Empowerment of Women Farmers in the Rice Value Chain


This project is completed

Female smallholder rice farmers face many challenges. Women in rural areas are the main producers in agriculture, but they do not benefit from what they produce due to traditional values that keep women from fully taking part in decision making, controlling and accessing finance and resources. Empowerment of Women Farmers in the Rice Value Chain is a 3 year Balancing Benefits project targeting 15,000 female smallholder rice farmers in four regions in Tanzania.

The project works with men and women equally to recognise and change current gender dynamics. We strengthen existing women producer groups to improve participants' self-organisation. We stimulate market demand for quality rice and cooperate with local mills to create commitments to purchase and process an increased crop volumes. Women control income accruing from paddy sales through village-based contact farming.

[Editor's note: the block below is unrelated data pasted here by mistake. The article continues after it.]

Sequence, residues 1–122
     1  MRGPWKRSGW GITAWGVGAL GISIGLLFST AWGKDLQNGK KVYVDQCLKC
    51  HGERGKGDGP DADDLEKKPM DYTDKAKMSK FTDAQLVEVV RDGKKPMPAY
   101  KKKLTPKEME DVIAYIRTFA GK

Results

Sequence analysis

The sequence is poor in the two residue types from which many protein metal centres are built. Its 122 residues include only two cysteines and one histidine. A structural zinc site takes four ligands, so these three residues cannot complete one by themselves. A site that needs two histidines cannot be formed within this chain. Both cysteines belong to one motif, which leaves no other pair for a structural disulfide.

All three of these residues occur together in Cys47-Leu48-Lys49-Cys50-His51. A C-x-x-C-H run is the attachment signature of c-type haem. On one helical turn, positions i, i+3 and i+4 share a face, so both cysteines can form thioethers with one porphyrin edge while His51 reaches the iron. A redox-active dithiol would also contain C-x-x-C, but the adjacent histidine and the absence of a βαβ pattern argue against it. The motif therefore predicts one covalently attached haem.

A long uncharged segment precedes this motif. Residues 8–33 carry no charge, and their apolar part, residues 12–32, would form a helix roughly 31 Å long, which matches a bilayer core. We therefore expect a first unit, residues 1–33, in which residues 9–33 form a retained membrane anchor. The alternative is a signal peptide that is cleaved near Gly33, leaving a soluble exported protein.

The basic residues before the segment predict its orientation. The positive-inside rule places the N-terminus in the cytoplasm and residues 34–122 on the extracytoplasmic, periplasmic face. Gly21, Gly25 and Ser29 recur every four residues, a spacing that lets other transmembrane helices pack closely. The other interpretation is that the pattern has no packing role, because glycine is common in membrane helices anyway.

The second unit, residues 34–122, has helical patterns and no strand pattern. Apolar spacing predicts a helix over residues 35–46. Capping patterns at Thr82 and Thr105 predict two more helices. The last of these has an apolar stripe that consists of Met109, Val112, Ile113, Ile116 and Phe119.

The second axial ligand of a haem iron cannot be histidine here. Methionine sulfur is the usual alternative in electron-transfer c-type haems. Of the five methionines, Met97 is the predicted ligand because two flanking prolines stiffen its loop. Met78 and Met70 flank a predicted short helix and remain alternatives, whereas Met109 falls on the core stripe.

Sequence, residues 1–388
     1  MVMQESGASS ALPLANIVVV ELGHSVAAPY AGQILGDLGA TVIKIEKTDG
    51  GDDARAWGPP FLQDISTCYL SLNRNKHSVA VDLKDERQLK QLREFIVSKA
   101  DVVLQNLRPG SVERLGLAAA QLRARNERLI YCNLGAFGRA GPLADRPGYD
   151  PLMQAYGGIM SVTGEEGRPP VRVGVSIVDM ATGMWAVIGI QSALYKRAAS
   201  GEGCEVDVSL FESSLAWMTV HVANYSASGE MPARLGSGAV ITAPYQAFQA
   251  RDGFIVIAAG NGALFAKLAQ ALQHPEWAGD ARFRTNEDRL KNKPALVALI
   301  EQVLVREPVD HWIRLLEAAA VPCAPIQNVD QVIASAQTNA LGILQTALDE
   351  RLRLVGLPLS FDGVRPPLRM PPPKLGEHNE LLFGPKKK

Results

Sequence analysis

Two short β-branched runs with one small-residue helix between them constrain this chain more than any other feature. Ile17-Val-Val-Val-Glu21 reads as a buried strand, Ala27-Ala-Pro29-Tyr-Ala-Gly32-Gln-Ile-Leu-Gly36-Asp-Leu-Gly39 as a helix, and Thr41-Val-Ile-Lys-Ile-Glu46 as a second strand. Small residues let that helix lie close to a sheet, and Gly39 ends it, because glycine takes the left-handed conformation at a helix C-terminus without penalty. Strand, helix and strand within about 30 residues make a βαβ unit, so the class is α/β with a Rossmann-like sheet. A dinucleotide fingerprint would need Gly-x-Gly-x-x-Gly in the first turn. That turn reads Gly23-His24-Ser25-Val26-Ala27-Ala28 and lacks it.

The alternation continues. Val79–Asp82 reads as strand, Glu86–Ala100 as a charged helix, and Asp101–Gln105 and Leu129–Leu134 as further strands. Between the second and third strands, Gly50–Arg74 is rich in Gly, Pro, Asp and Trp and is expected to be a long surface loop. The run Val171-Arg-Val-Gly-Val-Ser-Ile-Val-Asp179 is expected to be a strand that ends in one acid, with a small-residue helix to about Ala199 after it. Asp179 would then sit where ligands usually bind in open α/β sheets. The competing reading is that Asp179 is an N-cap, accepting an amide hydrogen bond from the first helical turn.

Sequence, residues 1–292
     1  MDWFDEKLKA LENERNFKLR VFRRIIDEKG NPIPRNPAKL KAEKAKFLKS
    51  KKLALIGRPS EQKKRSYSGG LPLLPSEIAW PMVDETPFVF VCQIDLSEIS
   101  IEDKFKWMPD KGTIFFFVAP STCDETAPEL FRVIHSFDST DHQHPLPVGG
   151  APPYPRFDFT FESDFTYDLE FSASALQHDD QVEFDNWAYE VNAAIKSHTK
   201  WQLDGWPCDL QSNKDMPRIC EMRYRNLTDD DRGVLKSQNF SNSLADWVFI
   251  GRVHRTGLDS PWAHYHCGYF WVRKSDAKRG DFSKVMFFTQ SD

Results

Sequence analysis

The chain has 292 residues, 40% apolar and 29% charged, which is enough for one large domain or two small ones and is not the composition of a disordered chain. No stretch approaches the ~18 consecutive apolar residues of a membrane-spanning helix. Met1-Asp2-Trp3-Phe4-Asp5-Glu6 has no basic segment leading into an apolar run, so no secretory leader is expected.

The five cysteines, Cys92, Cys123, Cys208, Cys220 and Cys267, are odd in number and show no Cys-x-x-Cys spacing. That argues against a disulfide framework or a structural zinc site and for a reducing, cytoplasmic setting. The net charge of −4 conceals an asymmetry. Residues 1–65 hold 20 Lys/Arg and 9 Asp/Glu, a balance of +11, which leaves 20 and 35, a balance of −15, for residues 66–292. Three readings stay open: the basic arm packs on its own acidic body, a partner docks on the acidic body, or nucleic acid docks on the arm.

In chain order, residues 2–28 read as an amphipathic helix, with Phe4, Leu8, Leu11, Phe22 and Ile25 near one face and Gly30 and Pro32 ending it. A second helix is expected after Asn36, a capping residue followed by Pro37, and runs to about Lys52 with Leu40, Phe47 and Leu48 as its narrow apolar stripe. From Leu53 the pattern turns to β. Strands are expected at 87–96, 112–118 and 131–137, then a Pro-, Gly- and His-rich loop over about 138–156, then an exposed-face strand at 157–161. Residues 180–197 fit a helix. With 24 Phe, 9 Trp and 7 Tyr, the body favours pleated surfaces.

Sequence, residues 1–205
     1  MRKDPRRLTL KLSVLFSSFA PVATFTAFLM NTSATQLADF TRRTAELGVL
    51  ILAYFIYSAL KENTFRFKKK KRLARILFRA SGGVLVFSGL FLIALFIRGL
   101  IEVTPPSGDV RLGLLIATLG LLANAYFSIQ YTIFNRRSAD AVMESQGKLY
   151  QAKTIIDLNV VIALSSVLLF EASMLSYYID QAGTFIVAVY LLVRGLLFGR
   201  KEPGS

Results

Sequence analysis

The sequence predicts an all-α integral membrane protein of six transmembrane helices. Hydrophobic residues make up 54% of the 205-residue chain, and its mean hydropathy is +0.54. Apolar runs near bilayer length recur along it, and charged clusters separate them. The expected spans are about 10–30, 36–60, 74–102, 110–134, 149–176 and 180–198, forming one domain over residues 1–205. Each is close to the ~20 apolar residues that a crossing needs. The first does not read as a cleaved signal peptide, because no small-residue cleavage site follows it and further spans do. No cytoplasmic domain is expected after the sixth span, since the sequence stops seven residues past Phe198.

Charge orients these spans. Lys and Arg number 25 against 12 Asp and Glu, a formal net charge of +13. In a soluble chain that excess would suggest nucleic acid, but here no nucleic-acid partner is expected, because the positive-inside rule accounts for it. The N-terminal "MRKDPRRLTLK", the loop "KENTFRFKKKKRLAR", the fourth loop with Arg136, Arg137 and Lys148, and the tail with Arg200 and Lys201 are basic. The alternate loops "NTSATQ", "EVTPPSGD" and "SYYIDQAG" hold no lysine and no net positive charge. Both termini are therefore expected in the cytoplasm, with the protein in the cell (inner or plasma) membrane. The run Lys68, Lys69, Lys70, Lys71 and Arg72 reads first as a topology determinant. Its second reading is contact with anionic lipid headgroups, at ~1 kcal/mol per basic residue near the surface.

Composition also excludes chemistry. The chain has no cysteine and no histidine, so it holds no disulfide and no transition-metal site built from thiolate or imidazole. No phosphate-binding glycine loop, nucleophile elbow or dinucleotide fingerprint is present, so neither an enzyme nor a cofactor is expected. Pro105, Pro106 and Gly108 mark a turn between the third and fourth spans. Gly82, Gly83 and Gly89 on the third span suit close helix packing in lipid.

To date, we have worked in 100 villages in six districts, and 397 women producer groups, reaching 10,500 people, of which 6500 are women and 4000 are men. The project team facilitated 58 members of Women Producer Groups to present their new rice brand - Tanzania Mamaa Rice - during the Nane Nane Festival which takes place each year in August. Many of these farmers had never been to such a festival and they were surprised at the level of demand for their rice. The project team has started to link women producre groups to 16 key rice processing enterprises in the project districts. 

 

What's new?

Key facts

Objectives

1

To strengthen the capacity and efficiency of women producer groups and farmer’s organisations.

2

To increase profitable and sustainable women-led enterprises and enhance smallholder women farmer’s access to structured markets for paddy.

3

To unlock cultural barriers that hinder women development and dignity.

Our results

Gender training benefitted
10,500
people
Over
100
villages involved
Skills training for
397
Women Rice Groups
“My husband had always refused to allow me to work out of the house. But after receiving training, that changed. I now run my own business.“ Tatu Ramadhani, rice farmer and Entrepreneur

Donors & Partners

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